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« The Foundations of a New Marketing Paradigm (Part 5) | Main | The Foundations of a New Marketing Paradigm (Part 6) »

September 20, 2007

Comments

Alvaro

Great quote. Now, reading his book, what I am finding fascinating is chapter 22, The Age of Turbulence. Greenspan talks about the cost of the world growing older and a greater percentage of people being above
age 65. If retirement age stays the same the stress on the pension funds and medicare systems increases ... companies and public policy need to wake up to this new reality

Atare Agbamu

David --

Thanks again for your timeless teaching.

-- Atare

lookcut

Great quote pull! I have to wonder what context this was taken out of though, I'll have to YouTube that episode. Thanks for the article!

From all of us at http://www.lookcut.com

lookcut

Great quote pull! I have to wonder what context this was taken out of though, I'll have to YouTube that episode. Thanks for the article!

From all of us at lookcut

jen_chan, writer SureFireWealth.com

Interesting... 50 years and still not much has changed. I guess it's easy to believe that the situation now is better than before simply because of the length of time that has passed. The question is: Will we ever get better or will someone in 50 years' time say the same thing?

David Wolfe

Lookcut -- My quote from Greenspan is not contextually dependent. It was an uncharacteristically nuance-free statement for Greenspan. You can see the entire interview at http://www.comedycentral.com b y clicking on "more videos" and doing a search for "Greenspan."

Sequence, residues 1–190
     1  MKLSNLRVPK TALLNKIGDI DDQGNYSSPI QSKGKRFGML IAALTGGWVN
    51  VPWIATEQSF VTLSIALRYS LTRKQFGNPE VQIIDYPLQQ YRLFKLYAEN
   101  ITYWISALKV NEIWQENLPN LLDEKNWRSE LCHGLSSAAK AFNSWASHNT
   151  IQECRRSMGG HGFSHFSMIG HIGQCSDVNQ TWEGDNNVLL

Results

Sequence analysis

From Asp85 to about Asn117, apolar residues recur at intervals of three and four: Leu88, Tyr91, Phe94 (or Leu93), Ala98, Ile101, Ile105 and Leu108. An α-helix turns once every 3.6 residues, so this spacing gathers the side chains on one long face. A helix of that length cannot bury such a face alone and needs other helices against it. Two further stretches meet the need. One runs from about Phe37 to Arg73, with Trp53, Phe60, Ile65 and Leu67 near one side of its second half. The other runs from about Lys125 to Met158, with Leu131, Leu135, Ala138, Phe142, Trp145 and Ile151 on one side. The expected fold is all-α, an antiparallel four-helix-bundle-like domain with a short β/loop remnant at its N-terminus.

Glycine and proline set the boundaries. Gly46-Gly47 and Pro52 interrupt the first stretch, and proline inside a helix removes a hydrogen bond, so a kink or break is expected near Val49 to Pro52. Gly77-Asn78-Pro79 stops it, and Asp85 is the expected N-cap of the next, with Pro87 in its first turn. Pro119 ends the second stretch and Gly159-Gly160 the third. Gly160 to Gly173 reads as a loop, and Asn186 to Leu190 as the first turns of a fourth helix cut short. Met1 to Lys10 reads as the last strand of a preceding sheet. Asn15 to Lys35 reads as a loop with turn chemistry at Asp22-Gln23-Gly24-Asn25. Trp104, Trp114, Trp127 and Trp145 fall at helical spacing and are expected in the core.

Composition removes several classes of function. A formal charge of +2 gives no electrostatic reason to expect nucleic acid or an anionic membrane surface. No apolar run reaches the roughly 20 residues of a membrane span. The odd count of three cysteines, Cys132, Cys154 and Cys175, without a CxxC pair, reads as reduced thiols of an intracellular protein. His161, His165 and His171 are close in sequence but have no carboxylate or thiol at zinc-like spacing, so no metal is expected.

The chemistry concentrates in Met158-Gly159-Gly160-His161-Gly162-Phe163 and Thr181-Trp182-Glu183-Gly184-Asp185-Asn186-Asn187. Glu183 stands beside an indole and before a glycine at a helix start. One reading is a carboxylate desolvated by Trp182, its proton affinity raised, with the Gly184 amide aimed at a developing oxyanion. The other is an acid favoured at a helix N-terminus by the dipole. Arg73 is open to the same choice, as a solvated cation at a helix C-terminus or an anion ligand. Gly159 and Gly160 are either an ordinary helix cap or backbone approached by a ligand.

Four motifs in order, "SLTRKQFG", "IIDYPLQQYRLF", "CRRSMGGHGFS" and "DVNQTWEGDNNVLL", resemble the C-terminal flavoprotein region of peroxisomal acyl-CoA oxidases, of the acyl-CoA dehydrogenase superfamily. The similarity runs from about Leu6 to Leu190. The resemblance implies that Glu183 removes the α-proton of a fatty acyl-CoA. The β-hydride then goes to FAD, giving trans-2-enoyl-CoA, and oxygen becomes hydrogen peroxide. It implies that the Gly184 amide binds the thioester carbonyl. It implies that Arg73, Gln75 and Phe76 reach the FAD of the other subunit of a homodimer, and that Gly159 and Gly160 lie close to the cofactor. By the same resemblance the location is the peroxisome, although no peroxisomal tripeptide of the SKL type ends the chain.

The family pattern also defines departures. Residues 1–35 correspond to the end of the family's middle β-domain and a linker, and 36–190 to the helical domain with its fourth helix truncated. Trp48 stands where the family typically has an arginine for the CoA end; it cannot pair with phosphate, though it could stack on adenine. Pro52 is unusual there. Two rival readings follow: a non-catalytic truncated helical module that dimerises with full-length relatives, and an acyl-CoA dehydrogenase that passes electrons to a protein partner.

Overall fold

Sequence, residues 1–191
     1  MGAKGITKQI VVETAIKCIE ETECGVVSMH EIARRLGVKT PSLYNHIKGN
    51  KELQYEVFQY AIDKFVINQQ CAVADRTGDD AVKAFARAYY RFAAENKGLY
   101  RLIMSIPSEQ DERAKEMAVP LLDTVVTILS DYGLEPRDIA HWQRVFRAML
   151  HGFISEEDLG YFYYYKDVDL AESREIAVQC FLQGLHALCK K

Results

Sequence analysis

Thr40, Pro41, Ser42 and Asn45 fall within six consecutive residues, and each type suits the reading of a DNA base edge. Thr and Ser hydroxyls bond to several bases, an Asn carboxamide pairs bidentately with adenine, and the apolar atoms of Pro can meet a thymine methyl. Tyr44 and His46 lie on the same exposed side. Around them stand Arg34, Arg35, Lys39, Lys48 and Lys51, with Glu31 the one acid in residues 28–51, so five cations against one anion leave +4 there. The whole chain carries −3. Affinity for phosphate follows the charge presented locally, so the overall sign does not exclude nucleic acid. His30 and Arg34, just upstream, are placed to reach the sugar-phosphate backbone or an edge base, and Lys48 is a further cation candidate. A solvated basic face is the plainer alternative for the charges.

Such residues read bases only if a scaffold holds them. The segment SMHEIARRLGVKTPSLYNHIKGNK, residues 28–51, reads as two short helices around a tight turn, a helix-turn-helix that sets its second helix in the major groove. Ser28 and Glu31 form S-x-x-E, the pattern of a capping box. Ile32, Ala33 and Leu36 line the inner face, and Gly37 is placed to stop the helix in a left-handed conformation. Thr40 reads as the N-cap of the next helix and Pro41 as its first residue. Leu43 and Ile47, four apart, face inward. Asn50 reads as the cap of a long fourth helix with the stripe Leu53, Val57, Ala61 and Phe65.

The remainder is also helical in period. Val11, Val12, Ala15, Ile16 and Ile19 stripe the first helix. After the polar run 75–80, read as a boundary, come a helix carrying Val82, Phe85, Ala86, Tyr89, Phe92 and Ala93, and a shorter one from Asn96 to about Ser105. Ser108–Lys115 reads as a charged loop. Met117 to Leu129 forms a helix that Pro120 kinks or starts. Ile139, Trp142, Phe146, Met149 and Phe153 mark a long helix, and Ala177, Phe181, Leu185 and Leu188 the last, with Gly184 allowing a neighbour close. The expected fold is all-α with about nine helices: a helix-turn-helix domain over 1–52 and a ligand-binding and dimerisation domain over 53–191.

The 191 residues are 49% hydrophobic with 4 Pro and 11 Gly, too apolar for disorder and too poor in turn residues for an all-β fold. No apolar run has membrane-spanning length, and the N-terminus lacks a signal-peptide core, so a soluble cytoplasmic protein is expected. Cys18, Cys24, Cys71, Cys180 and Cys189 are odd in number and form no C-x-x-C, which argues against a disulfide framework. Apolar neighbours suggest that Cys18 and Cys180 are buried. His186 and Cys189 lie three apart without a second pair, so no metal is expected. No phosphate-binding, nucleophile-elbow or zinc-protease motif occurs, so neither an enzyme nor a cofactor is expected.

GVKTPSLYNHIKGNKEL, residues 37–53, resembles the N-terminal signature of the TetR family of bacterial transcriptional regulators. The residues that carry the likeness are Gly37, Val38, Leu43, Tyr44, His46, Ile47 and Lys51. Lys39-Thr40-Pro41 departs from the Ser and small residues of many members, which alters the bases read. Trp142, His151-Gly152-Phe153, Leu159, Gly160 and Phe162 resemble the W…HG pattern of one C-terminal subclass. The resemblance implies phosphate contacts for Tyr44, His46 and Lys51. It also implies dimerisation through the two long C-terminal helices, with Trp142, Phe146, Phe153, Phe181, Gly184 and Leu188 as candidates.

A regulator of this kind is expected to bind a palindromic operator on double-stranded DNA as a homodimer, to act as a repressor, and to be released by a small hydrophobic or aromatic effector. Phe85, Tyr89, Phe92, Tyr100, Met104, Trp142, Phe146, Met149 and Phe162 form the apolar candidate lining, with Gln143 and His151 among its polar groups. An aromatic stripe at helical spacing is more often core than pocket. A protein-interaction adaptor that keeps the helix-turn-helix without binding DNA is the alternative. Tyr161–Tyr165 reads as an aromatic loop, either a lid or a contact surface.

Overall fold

Ray Tapajna

We are reviewing Alan Greenspan's book - The Age of Turbulence at Bazarre Politics at http://www.bizarrepolitics.com

At first, we thought we would put up a page or two but now we are into the 7th article. The briges in life only run parallel with Greenspan's world. My life's journey tells me we lived in two different worlds. I grew up about the same time but my post-high education started in the factories where I worked while going to college. I found a vast void between the factory floors and the college class rooms. I also grew up in a family grocery store around this time.

My last article is titled - Greenspan Dancing in the Dark. He played in an orchestra prior to college and most likely played the popular tune on his clarinet or saxophone. It seems like he kept dancing in the dark his whole live relating to our economy. He joined Pres. Clinton who plays a saxophone in the most massive dislocation of jobs in history. While millions were losing their jobs, Pres. Clinton and Greenspan proclaimed prosperity. The unemployment rates were sham. Hurricane Katrina later proved they were and that a silent depression had existed in our land for many years.

We followed the trail that leads to the Land of "is" where everything depended on what your definition of "is" is. I never experienced Clinton's and Greenspan's world. My definition of "is" is based on a sixty year work history from the factory floors up to the highest echelon in computer corporations.

For our articles see Greenspan from the Trenches, Greenpsan for Whom the Bell Tolls,
Greenspan and Confessions for History and more at http://www.bizarrepolitics.com and http://tapsearch.com/tapartnews and http://tapsearch.com/flatworld

David Wolfe

Ray, Thanks for your insightful thoughts and the URLs which I will use to look at more of your thoughts.

David

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Blogs with a Global Perspective On Marketing


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Blogs on Sales Theory and Practice

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